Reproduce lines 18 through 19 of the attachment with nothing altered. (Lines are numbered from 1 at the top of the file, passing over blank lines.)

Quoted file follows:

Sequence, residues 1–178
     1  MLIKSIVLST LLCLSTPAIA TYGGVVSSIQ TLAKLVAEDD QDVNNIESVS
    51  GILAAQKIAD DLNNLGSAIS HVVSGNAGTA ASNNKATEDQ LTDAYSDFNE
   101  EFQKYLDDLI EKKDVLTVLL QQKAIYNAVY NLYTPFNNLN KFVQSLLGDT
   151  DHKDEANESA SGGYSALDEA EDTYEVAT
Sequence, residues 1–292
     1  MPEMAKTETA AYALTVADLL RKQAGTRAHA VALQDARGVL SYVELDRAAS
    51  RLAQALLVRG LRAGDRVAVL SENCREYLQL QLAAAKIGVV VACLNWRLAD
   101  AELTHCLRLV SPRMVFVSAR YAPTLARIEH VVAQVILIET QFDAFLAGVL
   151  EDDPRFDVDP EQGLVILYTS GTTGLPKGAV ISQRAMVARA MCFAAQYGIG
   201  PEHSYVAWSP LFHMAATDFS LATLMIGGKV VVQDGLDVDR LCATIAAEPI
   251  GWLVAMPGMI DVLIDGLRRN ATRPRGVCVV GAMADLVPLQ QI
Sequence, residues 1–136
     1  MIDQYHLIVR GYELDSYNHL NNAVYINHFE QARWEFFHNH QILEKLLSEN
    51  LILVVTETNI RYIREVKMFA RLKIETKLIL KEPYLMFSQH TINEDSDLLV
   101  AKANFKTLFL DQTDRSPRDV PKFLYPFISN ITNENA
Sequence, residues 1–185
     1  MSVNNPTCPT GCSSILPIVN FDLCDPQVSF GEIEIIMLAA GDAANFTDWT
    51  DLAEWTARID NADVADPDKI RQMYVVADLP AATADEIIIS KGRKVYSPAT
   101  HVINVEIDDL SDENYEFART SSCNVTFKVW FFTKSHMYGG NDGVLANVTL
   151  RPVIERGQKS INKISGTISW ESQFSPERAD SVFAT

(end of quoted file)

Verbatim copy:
     1  MSVNNPTCPT GCSSILPIVN FDLCDPQVSF GEIEIIMLAA GDAANFTDWT
    51  DLAEWTARID NADVADPDKI RQMYVVADLP AATADEIIIS KGRKVYSPAT